Protoplast isolation prior to flow cytometry reveals clear patterns of endoreduplication in potato tubers, related species, and some starchy root crops

F. Parker E. Laimbeer, Sarah H. Holt, Melissa Makris, Michael Alan Hardigan, C. Robin Buell, Richard E. Veilleux

    Research output: Contribution to journalArticle

    Abstract

    Background: Endoreduplication, the process of DNA replication in the absence of cell division, is associated with specialized cellular function and increased cell size. Genes controlling endoreduplication in tomato fruit have been shown to affect mature fruit size. An efficient method of estimating endoreduplication is required to study its role in plant organ development. Flow cytometry is often utilized to evaluate endoreduplication, yet some tissues and species, among them the tubers of Solanum tuberosum, remain intractable to routine tissue preparation for flow cytometry. We aimed to develop a method through the use of protoplast extraction preceding flow cytometry, specifically for the assessment of endoreduplication in potato tubers. Results: We present a method for appraising endoreduplication in potato (Solanum tuberosum) tuber tissues. We evaluated this method and observed consistent differences between pith and cortex of tubers and between different cultivars, but no apparent relationship with whole tuber size. Furthermore, we were able to observe distinct patterns of endoreduplication in 16 of 20 wild potato relatives, with mean endoreduplication index (EI) ranging from 0.94 to 2.62 endocycles per cell. The protocol was also applied to a panel of starchy root crop species and, while only two of five yielded reliable flow histograms, the two (sweet potato and turnip) exhibited substantially lower EIs than wild and cultivated potato accessions. Conclusions: The protocol reported herein has proven effective on tubers of a variety of potato cultivars and related species, as well as storage roots of other starchy crops. This method provides an important tool for the study of potato morphology and development while revealing natural variation for endoreduplication which may have agricultural relevance.

    Original languageEnglish (US)
    Article number27
    JournalPlant Methods
    Volume13
    Issue number1
    DOIs
    StatePublished - Apr 14 2017

    Profile

    endopolyploidy
    Endoreduplication
    Protoplasts
    Solanum tuberosum
    Flow Cytometry
    tubers
    potatoes
    methodology
    flow cytometry
    crops
    Fruit
    protoplasts
    fruits
    cultivars
    cells
    Plant Organogenesis
    Ipomoea batatas
    Brassica napus
    Lycopersicon esculentum
    DNA Replication

    Keywords

    • Endopolyploidization
    • Karyoplasmic ratio
    • Solanaceae
    • Solanum tuberosum

    ASJC Scopus subject areas

    • Biotechnology
    • Genetics
    • Plant Science

    Cite this

    Protoplast isolation prior to flow cytometry reveals clear patterns of endoreduplication in potato tubers, related species, and some starchy root crops. / Laimbeer, F. Parker E.; Holt, Sarah H.; Makris, Melissa; Hardigan, Michael Alan; Robin Buell, C.; Veilleux, Richard E.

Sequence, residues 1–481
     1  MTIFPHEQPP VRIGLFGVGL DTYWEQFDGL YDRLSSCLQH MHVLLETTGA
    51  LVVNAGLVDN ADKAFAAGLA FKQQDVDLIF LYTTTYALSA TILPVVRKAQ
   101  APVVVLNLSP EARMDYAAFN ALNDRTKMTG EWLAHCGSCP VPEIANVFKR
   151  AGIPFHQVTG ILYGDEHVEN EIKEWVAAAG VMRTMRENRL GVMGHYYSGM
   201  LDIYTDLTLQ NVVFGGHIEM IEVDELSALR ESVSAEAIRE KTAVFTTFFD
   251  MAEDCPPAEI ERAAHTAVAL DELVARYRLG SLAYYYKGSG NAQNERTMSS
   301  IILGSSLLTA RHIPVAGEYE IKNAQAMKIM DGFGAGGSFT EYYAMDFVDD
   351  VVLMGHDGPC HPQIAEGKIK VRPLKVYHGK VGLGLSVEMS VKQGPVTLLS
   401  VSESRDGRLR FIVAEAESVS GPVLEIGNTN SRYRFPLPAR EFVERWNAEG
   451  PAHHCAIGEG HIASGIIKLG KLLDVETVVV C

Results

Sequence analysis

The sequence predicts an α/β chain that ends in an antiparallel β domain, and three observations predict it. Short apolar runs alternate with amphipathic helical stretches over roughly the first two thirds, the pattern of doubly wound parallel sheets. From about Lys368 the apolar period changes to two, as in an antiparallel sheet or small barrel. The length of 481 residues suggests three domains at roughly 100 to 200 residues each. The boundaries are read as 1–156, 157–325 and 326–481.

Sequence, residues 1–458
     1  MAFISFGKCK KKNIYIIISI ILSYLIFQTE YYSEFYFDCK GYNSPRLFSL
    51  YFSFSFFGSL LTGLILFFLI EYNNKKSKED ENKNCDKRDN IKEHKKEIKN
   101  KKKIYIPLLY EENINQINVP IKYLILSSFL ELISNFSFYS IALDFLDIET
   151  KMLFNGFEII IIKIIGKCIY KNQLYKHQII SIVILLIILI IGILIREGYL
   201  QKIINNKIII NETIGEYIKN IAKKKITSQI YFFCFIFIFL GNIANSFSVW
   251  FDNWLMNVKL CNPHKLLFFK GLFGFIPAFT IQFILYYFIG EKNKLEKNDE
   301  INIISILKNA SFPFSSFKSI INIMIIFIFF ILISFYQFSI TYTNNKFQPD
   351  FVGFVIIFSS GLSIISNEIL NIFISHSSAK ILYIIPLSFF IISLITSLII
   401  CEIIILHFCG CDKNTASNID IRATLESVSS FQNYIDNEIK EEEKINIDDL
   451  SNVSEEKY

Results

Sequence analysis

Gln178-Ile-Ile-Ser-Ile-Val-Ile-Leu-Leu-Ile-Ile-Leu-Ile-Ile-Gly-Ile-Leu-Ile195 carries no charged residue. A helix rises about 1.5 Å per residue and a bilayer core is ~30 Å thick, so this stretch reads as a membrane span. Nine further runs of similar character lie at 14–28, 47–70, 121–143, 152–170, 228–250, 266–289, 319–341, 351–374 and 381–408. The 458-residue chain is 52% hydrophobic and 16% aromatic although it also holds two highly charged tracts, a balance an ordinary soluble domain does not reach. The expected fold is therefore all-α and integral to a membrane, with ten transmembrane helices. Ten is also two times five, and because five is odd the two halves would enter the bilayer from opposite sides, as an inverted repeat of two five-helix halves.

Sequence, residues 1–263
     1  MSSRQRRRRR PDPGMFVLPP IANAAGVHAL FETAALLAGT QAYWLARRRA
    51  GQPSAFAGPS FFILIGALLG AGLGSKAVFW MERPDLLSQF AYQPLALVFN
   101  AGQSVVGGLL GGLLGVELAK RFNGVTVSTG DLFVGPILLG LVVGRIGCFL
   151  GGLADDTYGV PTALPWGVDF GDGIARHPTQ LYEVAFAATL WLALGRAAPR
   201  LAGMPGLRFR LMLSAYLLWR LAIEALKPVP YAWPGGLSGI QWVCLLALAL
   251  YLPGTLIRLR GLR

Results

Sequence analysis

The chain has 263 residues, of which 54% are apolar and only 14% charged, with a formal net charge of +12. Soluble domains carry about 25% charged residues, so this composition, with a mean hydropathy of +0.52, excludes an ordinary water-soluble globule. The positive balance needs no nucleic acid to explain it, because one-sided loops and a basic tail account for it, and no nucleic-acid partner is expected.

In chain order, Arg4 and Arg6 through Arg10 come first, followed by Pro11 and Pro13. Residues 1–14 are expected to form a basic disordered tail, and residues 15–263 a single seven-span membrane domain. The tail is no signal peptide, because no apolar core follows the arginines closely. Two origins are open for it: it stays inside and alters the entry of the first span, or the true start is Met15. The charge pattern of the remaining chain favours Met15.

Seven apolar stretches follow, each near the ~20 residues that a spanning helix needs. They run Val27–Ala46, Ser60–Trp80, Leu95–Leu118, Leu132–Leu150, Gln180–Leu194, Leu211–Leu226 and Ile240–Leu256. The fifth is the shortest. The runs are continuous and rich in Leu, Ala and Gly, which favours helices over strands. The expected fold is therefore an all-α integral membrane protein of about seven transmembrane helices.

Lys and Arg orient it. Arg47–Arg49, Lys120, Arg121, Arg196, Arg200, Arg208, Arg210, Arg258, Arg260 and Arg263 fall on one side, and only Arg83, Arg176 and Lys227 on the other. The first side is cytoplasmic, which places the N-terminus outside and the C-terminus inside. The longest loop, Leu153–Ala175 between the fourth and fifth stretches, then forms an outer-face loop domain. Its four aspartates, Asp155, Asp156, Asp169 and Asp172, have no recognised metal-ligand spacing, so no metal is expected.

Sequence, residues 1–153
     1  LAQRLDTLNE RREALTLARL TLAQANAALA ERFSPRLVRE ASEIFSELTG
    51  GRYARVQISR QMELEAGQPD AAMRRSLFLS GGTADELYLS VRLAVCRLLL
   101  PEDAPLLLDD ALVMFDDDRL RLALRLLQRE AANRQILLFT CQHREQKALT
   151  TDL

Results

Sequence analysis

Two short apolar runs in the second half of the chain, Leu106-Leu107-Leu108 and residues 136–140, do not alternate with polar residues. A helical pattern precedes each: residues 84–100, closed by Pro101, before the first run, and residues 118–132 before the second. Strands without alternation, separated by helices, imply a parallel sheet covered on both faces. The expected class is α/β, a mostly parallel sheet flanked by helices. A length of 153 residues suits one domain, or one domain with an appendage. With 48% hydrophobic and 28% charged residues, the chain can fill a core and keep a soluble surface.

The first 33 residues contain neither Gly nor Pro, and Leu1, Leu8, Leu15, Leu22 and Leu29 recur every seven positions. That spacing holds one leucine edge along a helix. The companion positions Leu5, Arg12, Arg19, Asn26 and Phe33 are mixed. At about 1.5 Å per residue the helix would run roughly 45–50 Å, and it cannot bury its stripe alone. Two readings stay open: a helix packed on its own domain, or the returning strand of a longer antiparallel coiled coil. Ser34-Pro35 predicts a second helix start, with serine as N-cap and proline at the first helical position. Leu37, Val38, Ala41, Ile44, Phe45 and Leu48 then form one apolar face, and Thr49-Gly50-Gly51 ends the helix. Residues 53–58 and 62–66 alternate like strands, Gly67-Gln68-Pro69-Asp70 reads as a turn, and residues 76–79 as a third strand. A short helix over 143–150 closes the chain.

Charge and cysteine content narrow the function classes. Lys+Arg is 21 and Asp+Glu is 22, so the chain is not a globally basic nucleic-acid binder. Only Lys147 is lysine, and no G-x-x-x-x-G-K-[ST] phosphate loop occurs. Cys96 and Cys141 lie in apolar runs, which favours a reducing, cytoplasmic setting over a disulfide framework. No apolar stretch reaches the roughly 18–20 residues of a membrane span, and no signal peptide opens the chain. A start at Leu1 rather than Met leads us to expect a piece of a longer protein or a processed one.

In: Plant Methods, Vol. 13, No. 1, 27, 14.04.2017.

    Research output: Contribution to journalArticle

    Laimbeer, F. Parker E.; Holt, Sarah H.; Makris, Melissa; Hardigan, Michael Alan; Robin Buell, C.; Veilleux, Richard E. / Protoplast isolation prior to flow cytometry reveals clear patterns of endoreduplication in potato tubers, related species, and some starchy root crops.

    In: Plant Methods, Vol. 13, No. 1, 27, 14.04.2017.

    Research output: Contribution to journalArticle

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    AU - Laimbeer,F. Parker E.

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    AU - Makris,Melissa

    AU - Hardigan,Michael Alan

    AU - Robin Buell,C.

    AU - Veilleux,Richard E.

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    AB - Background: Endoreduplication, the process of DNA replication in the absence of cell division, is associated with specialized cellular function and increased cell size. Genes controlling endoreduplication in tomato fruit have been shown to affect mature fruit size. An efficient method of estimating endoreduplication is required to study its role in plant organ development. Flow cytometry is often utilized to evaluate endoreduplication, yet some tissues and species, among them the tubers of Solanum tuberosum, remain intractable to routine tissue preparation for flow cytometry. We aimed to develop a method through the use of protoplast extraction preceding flow cytometry, specifically for the assessment of endoreduplication in potato tubers. Results: We present a method for appraising endoreduplication in potato (Solanum tuberosum) tuber tissues. We evaluated this method and observed consistent differences between pith and cortex of tubers and between different cultivars, but no apparent relationship with whole tuber size. Furthermore, we were able to observe distinct patterns of endoreduplication in 16 of 20 wild potato relatives, with mean endoreduplication index (EI) ranging from 0.94 to 2.62 endocycles per cell. The protocol was also applied to a panel of starchy root crop species and, while only two of five yielded reliable flow histograms, the two (sweet potato and turnip) exhibited substantially lower EIs than wild and cultivated potato accessions. Conclusions: The protocol reported herein has proven effective on tubers of a variety of potato cultivars and related species, as well as storage roots of other starchy crops. This method provides an important tool for the study of potato morphology and development while revealing natural variation for endoreduplication which may have agricultural relevance.

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